Barnabas then introduced Paul to the leaders ofChristianity. His stay only lasted a brief two weeks because several Jews weretrying to kill him. Retreating for some ten years, Barnabas contacted Paul andencouraged him to rejoin the now flourishing Gentile mission. Paul and Barnabaswere sent on a mission to establish Christianity in the area surrounding Cyprusand the S Galatia. Despite several set backs and violent outbursts the missionwas very successful with new territories become adapt to the Christian ways. Asone would expect the relationship between the Gentiles and the newly turnedJewish community was one that was tested often.

    Differing beliefs lead to anumber of verbal and physical conflicts and Barnabas and Paul were called uponto resolve these. They used the help and guidance of their elders and fellowChristians to help with their decisions. Paul once again set off through partsof Europe to convert people to Christianity. This time Barnabas did not travelwith him because of a rift in there relationship.

    Paul discovered new friendthat he took with him through Greece and the surrounding parts. He helped set upa large amount of new mission which set the standard for others to grow by. Thenext area to converted was the lands of Asia. This goal was quickly accomplishedby Paul.

    He was then returned to Greece to help secure the faith there. It wasin the years that followed that he wrote several telling letters. This letterswere to become a crucial part of the Christian faith in years to come. Judas Iscariot Judas was a member of the 12 disciples, and was the one whobetrayed Jesus, which ended in his crucifixion. The opportunity came about whenJudas turned Jesus to the authorities. After the event, guilt was beset uponthis traitor.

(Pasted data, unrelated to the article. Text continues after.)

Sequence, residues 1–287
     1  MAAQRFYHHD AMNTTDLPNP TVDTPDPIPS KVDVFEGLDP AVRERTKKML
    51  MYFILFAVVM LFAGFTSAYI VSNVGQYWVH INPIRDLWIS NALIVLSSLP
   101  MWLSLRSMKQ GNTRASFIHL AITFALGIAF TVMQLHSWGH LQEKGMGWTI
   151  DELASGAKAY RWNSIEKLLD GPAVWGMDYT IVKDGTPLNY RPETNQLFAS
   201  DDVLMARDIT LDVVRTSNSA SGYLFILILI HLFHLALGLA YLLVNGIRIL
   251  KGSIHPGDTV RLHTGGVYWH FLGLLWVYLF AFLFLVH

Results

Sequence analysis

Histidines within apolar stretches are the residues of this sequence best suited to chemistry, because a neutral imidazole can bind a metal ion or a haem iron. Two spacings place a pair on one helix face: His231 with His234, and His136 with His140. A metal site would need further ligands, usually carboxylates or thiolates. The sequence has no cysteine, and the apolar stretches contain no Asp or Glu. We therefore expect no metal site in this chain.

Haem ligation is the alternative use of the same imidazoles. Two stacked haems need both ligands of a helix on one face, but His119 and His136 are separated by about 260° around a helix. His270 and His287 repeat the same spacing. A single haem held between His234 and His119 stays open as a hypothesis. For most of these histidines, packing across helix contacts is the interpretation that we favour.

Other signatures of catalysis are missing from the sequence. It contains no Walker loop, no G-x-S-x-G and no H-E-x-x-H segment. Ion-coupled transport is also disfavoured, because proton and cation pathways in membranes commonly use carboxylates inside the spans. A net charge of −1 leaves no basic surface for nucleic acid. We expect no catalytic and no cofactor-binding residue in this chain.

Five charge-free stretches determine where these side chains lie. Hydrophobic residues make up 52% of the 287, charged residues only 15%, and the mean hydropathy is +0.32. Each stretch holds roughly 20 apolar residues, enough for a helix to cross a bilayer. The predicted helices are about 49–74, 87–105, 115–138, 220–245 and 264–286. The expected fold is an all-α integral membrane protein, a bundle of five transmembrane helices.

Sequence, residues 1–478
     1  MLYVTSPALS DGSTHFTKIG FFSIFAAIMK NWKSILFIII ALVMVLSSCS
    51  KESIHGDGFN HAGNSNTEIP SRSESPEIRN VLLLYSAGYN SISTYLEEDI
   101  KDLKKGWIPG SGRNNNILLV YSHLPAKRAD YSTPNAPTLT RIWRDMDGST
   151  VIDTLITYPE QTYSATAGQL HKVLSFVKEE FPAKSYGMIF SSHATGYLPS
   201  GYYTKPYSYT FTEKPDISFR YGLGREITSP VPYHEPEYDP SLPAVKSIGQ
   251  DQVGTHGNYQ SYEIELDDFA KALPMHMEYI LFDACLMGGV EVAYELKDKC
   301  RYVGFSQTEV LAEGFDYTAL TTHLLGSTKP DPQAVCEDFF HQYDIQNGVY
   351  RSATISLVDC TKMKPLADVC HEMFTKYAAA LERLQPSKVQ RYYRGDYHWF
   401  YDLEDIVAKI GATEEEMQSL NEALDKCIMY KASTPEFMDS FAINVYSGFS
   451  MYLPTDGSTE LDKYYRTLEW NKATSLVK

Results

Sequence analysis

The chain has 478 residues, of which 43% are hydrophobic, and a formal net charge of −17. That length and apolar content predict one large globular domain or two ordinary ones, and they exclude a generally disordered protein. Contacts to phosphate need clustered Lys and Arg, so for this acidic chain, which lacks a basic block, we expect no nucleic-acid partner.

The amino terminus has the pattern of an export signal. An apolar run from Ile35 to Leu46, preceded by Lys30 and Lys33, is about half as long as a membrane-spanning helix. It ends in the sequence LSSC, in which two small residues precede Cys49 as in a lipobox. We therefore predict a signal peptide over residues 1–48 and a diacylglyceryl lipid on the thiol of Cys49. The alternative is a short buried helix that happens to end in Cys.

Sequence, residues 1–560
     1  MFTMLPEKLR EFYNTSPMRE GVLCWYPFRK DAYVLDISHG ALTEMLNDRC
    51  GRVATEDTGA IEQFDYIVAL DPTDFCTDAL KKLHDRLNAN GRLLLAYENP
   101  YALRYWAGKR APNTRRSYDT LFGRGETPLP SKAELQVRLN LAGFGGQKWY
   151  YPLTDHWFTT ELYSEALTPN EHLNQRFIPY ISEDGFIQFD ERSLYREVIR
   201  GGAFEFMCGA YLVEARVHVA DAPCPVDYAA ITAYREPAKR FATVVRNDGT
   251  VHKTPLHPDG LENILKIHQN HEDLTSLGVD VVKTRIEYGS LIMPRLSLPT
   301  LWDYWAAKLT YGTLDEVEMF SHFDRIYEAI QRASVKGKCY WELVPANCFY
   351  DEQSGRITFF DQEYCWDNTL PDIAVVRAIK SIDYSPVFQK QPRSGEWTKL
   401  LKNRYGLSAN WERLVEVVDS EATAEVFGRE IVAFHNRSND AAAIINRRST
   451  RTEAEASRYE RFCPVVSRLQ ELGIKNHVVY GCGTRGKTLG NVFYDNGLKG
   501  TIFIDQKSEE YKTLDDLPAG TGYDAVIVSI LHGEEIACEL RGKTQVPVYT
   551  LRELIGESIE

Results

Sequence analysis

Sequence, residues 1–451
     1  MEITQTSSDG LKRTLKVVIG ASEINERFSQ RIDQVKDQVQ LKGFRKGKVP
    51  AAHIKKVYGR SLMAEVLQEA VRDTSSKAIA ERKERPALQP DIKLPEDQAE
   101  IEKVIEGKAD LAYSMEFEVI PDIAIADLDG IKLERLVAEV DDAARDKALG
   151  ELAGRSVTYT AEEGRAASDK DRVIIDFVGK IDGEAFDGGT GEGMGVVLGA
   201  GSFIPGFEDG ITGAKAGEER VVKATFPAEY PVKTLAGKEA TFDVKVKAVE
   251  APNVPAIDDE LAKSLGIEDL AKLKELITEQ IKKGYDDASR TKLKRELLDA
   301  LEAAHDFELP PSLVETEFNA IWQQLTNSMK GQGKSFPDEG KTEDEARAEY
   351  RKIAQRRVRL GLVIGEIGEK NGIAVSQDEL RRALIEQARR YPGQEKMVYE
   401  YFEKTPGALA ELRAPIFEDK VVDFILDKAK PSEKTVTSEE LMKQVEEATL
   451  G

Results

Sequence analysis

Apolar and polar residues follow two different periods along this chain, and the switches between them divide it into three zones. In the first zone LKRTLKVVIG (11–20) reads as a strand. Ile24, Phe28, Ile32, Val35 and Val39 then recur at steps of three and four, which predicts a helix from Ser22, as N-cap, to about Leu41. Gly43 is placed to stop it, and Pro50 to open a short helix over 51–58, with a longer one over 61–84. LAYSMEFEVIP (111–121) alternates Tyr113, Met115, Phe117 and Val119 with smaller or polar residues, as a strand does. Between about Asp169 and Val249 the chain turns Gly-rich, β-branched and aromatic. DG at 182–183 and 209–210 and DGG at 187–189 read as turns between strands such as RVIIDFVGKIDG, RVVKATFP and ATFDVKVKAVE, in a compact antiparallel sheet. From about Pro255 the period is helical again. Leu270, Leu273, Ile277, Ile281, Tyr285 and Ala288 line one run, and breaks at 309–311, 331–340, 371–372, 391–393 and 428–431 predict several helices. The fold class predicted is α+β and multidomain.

Unable to over come this guilt, his life ended in suicide. Judasis widely remember for his treachery and betrayal of the other eleven apostles. He was thought of as a man who was touched by Satan and influenced into evilways. He was bribed and accepted money to do evil deeds.

    He claimed this moneywould be used for the poor. . Barnabas Barnabas was born into a Jewish-Cypriot family. He a member of theJerusalem church, and as he progressed he became very serious about religion.

    Healso had a significant effect on several matters. He introduced a converted Saulto the main apostles, which lead to Saul being accepted after originally beingcalled an impostor. It was Barnabas who stuck up for the gentiles when they werebeing condemned. Barnabas thought the movement to accept the Gentiles as equalswas an act ignited by God and therefor took the side of God. Being a key member,he took a journey with Paul from Cyprus, to Asia minor, which was taken with thegoal of setting up a group of successful Gentile churches. Barnabas was alsoplaced in front of the Jerusalem council with Paul.

    Barnabas’ importance to theissue is clearly shown by the mere fact that he is mentioned before Paul inaccounts of the proceedings.BibliographySetting the scene, Goosen & Thomlinson “Jesus; Mystery and Surprise” (Sydney: EJDywer, 1989)Philosophies, Elwell (ed.) “Evangelical Dictionary of Theology” (Grand Rapids:Baker Bookhouse, 1990)”The New Bible Dictionary” (Wheaton: Tyndale House Publishers Inc, 1962)Logos Bible Software v2.0 (Oakharbour: Logos Research System)World Book EncyclopediaWorld Wide Web (Internet)